So, you know what it's like, you transfer to Great Ormond Street for a couple of days for a quick upper and lower endoscopy and end up staying a month....in fact it is now seven months (give or take a few days) since Daisy has been home and coming up to a month since we came to Rainforest Ward.
The good news is that she is so much better than a week ago, her additional potassium is being weaned down and she is off all antibiotics and anti-fungals - this makes me twitchy, she does not last long without needing some sort of weapon of mass destruction coursing through her veins - I will remain positive however, maybe this time the line will last....
The plan now is to take out her picc line and put in a new Hickman line early next week, theoretically then we should be good to go although we will let Miss Daisy decide on that. It has been nice to have Daisy reasonably well over the past few days as we have been able to use the fantastic play facilities at Great Ormond Street. The best thing is the other children have also been able to use the play centre too which has taken some of the pressure off entertaining them. Today Daisy decorated fairy cakes with a group of other children including a young boy on a "Berlin Heart" machine, which is an artificial heart. Great Ormond Street is probably one of the few places in the UK where a little girl being kept alive by a complex mix of chemicals dripped into a central line into her blood stream can play with a boy being kept alive with an artificial heart and no-one bats an eyelid!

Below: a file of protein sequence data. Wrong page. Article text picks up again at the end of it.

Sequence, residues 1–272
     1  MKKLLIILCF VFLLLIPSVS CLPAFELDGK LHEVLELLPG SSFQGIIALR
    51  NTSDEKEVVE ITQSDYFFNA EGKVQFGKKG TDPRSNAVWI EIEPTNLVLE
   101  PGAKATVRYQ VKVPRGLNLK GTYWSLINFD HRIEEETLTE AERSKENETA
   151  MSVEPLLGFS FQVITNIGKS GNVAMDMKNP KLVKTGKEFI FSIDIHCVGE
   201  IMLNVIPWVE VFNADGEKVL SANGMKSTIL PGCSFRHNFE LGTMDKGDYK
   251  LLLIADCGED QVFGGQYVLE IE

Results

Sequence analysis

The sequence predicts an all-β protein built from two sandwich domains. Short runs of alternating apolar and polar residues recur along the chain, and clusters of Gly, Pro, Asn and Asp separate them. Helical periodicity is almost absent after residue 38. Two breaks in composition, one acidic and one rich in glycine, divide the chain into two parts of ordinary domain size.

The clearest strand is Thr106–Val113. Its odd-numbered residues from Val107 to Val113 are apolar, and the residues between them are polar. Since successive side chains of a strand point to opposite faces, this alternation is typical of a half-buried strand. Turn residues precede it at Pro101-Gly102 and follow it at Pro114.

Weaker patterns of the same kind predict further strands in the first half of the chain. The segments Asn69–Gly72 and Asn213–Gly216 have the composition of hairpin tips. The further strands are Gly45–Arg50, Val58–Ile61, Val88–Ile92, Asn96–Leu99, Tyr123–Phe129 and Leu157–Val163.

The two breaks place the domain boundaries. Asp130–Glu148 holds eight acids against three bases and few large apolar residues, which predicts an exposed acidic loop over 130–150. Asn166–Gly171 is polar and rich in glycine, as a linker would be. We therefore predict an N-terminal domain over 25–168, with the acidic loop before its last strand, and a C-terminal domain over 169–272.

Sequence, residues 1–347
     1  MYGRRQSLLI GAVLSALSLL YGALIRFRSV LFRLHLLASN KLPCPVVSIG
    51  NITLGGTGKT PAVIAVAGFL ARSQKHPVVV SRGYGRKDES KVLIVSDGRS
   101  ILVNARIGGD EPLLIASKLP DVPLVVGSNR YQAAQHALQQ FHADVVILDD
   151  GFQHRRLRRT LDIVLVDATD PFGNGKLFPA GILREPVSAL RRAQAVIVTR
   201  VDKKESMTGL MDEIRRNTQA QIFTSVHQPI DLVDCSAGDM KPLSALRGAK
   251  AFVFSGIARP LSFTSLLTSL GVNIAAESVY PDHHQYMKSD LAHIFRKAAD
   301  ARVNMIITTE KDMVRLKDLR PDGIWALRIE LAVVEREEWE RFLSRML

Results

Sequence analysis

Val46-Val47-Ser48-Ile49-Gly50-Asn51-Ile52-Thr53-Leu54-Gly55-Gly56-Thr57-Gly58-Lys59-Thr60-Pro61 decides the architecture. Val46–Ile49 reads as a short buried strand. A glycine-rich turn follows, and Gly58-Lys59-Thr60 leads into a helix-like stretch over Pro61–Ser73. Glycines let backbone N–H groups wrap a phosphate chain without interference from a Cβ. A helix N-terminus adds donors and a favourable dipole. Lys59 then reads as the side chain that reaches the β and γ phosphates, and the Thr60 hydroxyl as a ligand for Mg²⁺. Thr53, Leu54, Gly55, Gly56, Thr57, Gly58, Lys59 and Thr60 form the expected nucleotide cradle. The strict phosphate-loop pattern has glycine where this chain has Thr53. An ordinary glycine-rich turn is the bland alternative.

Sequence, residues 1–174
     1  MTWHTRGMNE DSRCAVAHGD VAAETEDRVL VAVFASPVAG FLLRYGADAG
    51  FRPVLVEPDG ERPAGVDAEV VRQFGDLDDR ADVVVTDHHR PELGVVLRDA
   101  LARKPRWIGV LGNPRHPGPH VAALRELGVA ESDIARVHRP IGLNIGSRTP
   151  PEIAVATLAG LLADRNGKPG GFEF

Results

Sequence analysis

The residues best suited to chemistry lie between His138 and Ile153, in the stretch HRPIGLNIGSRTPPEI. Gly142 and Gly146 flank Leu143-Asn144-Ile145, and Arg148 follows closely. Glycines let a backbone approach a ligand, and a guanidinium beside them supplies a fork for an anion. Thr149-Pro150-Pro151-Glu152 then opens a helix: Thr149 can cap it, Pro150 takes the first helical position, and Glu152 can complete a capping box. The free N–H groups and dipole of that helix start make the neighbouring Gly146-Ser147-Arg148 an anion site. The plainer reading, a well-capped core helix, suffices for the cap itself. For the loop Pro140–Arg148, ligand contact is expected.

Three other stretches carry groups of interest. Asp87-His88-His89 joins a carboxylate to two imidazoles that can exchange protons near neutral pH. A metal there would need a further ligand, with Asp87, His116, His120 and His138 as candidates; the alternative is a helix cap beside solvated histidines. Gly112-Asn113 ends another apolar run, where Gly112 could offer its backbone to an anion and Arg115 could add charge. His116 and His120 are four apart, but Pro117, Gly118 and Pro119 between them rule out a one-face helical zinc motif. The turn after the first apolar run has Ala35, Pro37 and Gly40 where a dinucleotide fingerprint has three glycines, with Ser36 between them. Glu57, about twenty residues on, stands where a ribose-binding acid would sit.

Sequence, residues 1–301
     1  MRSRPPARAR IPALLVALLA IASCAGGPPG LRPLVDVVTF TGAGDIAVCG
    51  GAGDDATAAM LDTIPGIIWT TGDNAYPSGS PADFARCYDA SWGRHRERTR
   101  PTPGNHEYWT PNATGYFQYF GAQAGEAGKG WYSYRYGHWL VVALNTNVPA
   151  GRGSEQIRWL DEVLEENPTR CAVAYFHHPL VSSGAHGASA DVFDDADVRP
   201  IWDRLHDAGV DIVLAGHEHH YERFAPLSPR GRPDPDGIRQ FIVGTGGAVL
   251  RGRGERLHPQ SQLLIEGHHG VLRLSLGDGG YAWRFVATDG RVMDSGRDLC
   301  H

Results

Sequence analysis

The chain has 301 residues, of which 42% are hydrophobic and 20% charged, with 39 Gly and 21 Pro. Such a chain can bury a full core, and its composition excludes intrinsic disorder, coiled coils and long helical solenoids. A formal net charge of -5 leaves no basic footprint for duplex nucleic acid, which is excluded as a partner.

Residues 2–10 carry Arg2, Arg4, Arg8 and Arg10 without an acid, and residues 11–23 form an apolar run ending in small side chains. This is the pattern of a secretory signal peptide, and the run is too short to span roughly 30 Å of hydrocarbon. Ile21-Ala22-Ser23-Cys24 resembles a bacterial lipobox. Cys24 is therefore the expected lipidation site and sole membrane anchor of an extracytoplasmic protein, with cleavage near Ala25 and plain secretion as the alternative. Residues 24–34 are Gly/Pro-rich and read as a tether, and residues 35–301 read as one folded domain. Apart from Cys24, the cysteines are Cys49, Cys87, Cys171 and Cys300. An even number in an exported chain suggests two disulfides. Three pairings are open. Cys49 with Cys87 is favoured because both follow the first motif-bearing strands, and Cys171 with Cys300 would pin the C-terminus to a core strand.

I had a good chat with the gastro dietitian today. Understandibly they are very twitchy about pushing Daisy too quickly particularly given her recent experiences. For Daisy to be able to have night time only on TPN she would need to tolerate 34mls an hour of feed a day, with possibly more fluid during hot weather because of her heart and kidney problems. This currently seems a long way off so we are aiming for 2/3 time on TPN which would make us eligible to come home as the minimum that is allowed is 8 hours off TPN. At the moment she is managing 14mls/hour of feed into her tummy over 24 hours but it is difficult to push this any more at the moment as she will need to be starved again for another general anaesthetic next week when her new Hickman line is put in, and we will be back at square one as Daisy cannot go straight back onto full feeds after being starved and will need to build up ml by ml. As always, two steps forward and one step back, however I am optimistic that with the new feeding tube directly into her intestines we can try and aim for our 8 hours off TPN and get home (at some point this year!)
I have now given up on the bed in Daisy's room - basically she is going to wake up and cry whether I am there or not and I need a decent night's sleep to keep functioning, whereas the night staff can go home at the end of their shift, I cannot. For the past few nights I have left the hospital at 8.30pm and slept at home leaving for the hospital at 7.30am the next day. I am looking forward to being back at our local hospital, hopefully next week, it is only 12 minutes drive away and suddenly that life seems so much less complicated than a Northern Line commute to Great Ormond Street. It's over to you now Daisy, show us that you can turn the corner and get some time off that TPN. I'll do all the training I need and put in as many hours as required in the hospital just to get her home.
Websites close to my heart
- Shooting Star Chase (Daisy's Hospice)
- Great Ormond Street Hospital Children's Charity
- Torbay Holiday Helper's Network
- Sick Children's Trust
- Daisy's Angels - Facebook Page
- About Costello Syndrome
- Asperger Syndrome
- Caudwell Children
- Together for Short Lives (Children's Hospices in the UK)
- Costello Syndrome Support Group
- Give Kids The World
- PostPals - Putting Smiles on Sick Children's Faces
- Singing Hands (Daisy is their No1 Fan!)
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